02 February 2009

Time for My Pills

Yesterday I did something I probably should not have done.

In the late afternoon all the anxiety that had been building came to the point of being unbearable. So, I took a klonopin. Half an hour later, no difference. I thought, well, take another and I did. Still nothing. So I took another.

Finally, everything began to ebb away and I could at least sit still and stop picking on myself. I finished up a few things and headed off to bed where I fell blissfully asleep.

I was more than a little hungover today, bumping into things and walking from one end of the apartment to another for reasons I couldn't remember. I made myself walk to church because I though that it wouldn't be a good idea to drive. I dropped my music at least six or seven times this morning; I'm glad none of it went sailing down from the choir loft onto unsuspecting parishoners' heads. I've been fatigued and wobbly all day but quite relaxed. I sang much better this morning than I usually do - less worried about accidentally squeaking on the high notes, I suppose.

Then, too, I've had the less fun side effects. They don't always pop up when I take klonopin but they did this time. I kept getting tearful over all manner of things in the afternoon. I felt leaden and a little depressed for a few hours. I don't know why that will sometimes happen with klonopin and sometimes not. Most times not, really, now that I've been taking it a while.

When I was first out of the hospital I took 2.5 mgs a day, spread out. I could hardly walk but for the first time in years I wasn't eaten up by anxiety and self-loathing. Since then I've weaned off to the point of taking a half milligram every now and again. I take it in bursts, usually. I took one every day for the first week and a half of school to stop myself building up place-associated anxiety. Now that school is familiar again and not full of fearful recent impressions, I've stopped taking it.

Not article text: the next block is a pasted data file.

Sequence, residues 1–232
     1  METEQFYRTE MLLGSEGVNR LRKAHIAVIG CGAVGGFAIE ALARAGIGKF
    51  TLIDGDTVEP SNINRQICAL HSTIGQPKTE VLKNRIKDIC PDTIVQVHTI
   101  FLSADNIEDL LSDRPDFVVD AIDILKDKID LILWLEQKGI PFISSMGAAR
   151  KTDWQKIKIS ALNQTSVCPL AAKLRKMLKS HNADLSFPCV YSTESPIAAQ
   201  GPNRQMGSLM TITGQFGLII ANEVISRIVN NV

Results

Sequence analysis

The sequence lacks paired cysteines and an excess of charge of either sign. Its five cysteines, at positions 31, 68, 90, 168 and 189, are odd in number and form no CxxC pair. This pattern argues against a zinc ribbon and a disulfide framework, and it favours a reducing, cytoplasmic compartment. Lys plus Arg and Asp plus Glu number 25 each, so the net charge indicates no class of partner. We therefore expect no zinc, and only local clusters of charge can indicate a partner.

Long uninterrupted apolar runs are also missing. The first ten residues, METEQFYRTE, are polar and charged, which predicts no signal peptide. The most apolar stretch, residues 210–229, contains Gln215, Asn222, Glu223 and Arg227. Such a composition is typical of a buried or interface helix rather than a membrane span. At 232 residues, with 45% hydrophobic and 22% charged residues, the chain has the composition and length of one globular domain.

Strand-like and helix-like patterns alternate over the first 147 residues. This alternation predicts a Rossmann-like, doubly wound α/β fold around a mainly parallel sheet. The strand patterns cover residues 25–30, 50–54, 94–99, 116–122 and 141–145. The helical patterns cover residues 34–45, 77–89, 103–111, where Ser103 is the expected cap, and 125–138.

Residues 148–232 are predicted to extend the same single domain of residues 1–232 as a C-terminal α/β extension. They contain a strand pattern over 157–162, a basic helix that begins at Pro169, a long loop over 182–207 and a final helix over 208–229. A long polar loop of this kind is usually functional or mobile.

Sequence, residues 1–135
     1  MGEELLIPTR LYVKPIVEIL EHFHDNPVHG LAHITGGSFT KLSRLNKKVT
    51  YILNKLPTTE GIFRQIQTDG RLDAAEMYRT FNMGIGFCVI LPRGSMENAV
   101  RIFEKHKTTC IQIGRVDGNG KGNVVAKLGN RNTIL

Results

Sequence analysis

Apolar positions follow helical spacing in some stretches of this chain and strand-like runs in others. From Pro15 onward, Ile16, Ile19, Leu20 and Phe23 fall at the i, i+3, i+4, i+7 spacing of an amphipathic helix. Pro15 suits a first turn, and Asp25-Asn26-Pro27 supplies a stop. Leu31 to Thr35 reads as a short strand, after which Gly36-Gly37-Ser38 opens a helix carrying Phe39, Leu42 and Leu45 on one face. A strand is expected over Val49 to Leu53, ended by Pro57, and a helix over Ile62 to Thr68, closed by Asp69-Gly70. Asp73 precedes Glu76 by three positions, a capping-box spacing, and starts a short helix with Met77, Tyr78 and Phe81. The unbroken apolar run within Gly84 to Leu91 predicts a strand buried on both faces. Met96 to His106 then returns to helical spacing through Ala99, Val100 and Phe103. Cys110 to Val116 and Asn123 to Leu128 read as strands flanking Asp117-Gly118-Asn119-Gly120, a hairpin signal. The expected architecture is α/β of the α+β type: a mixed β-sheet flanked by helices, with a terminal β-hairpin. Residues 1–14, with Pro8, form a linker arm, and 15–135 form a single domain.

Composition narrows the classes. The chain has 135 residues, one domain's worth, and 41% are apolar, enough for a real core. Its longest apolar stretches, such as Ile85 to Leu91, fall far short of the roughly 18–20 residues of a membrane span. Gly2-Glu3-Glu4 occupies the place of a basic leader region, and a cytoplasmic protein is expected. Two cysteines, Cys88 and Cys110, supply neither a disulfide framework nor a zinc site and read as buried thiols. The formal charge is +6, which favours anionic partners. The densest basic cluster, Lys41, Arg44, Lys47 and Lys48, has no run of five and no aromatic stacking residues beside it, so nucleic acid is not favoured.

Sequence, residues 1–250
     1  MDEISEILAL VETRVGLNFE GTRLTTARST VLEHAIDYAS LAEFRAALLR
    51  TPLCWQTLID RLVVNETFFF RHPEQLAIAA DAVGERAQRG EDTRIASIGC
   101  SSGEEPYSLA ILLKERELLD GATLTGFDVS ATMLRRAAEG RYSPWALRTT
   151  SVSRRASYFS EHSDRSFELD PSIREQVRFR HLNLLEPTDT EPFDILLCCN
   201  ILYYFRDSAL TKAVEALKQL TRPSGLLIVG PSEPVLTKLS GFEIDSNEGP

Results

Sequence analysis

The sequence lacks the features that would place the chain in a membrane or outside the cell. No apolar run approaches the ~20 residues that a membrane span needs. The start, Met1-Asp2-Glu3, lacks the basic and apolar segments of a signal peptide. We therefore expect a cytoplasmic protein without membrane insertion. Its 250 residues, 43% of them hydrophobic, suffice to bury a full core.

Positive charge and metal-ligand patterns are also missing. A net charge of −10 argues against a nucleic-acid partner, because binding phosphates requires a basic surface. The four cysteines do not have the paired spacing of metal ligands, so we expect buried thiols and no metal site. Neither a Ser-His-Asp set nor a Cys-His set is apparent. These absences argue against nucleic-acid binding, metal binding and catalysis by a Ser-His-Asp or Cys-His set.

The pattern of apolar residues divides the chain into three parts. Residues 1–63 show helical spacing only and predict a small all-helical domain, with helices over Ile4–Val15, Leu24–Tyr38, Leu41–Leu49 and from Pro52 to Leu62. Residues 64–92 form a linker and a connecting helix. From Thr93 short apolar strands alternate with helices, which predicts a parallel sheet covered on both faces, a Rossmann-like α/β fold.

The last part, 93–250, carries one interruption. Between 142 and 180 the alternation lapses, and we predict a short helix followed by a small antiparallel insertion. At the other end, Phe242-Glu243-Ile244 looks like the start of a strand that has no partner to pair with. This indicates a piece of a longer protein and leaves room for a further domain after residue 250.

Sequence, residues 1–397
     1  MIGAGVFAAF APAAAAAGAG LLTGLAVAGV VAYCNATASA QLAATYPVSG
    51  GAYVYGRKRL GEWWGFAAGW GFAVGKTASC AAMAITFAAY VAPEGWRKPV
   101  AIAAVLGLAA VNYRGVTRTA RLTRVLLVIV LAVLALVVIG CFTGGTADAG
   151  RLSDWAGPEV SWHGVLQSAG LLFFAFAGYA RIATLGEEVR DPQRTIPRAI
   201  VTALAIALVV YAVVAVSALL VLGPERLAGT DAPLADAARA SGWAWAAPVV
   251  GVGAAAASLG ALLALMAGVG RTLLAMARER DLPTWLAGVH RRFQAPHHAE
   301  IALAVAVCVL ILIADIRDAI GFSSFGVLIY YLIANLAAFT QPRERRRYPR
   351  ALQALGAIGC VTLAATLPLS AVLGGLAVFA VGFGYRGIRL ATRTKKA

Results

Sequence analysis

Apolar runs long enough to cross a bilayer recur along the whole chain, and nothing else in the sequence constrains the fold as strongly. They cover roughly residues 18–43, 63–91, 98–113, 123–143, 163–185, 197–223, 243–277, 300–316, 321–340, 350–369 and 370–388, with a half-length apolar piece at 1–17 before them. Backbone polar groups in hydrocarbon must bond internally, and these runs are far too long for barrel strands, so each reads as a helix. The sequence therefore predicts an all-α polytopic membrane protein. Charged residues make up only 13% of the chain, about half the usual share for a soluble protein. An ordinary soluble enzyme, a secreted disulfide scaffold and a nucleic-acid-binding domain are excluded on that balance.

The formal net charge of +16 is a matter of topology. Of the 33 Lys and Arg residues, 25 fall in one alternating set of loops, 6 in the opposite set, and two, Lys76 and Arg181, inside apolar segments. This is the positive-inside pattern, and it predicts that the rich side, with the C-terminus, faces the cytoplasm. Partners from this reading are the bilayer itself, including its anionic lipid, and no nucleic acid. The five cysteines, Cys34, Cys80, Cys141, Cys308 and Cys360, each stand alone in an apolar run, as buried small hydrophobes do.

When I took three of them yesterday (ssh. . .don't tell my psychiatrist I did that) I reasoned to myself that I used to take more than that on a daily basis and that therefore it was unlikely to have too much of an effect. I was so wrong. My tolerance did slip away; very, very far away. I will not be doing that again in a hurry. I suppose I might if I really enjoyed the 'stoned' feeling of it, but then, if I did enjoy such feelings I would probably have continued to take seroquel or geodon!

Was it worth it? I don't know. I did run through most of my first response anti-anxiety activities: bath, mint or other herbal tea, walk, pleasant errand, and the usual cure-all of distraction by dvd or NPR. However, I was too distracted to be distracted and I let the kettle boil over. I also tried the phone a friend option but it being Saturday night, I hadn't much luck with that.

It was worth it in that I didn't get to the point of a full blown, banging on the walls, decorating my legs with insults in ink kind of panic attack. It was too much hangover/side effect-wise.

Now I just wish I could figure out where that one came from.


  1. Yes, I've done that before. Sometimes I think I lack the approprite receptors to receive the beneficial effects of the tranqs/sleepers. Makes 'self-medicating' something of a gamble.
    Hope you're out of the haze.
    Take care.

  2. I heard, somewhere, can't remember, that ketamine, is being investigated for its therapeutic properties for bipolar disorder. Sounds great to me: if it can knock out a horse it might be able to put me out for a night.
    Sympathies on the neurochemistry.

  3. Interesting - I hadn't heard that. In the UK. ketamine has been popular as a 'recreational' drug for sometime which I find quite bewildering. It's also what most ecstacy pills get 'cut' with these days. Having seen people lying on the floor in a 'K-hole', I've never felt any desire to try either. The one that really baffles me is CK which is a mix of ketamine and cocaine. I can only assume that this must induce the grandiose high of the coke combined with the hypnotic langour of the ketamine. In total - something not unlike a bipolar 'mixed-episode'. Why anyone would choose to artificially simulate such a hellish state is completely beyond me!
    But, who knows - they use it for hyperactive children. Perhaps I've been too dismissive.